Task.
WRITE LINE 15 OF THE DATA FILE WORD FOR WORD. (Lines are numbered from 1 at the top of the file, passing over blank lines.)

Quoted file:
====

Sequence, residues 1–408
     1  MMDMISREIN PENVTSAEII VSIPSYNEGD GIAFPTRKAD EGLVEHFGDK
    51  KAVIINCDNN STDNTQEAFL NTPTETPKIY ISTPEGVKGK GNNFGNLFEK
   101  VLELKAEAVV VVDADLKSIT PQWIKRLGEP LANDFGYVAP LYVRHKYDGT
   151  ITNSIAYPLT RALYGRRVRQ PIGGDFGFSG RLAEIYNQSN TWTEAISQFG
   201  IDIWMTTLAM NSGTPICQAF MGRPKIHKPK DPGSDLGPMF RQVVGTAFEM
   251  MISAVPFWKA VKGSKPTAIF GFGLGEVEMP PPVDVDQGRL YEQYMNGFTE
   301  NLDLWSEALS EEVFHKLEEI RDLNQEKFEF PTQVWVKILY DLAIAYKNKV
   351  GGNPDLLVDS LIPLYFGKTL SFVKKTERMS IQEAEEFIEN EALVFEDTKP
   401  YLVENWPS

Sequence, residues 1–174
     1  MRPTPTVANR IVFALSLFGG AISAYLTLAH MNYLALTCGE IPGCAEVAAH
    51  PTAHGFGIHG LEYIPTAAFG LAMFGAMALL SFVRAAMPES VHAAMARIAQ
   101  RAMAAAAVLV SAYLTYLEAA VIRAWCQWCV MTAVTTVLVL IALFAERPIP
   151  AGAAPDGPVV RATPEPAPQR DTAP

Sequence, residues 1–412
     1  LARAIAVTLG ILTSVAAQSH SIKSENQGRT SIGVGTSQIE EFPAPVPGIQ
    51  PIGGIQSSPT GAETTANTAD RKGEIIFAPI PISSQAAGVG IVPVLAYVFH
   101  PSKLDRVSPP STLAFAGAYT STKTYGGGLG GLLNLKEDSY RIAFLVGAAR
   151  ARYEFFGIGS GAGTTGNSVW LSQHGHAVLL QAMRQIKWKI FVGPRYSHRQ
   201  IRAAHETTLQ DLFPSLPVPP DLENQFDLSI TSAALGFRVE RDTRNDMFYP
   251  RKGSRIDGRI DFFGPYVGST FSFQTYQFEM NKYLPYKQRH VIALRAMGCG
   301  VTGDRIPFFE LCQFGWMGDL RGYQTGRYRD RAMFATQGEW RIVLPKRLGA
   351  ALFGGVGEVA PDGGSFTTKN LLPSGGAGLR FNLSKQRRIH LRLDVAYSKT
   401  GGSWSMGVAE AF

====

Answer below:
   151  AGAAPDGPVV RATPEPAPQR DTAP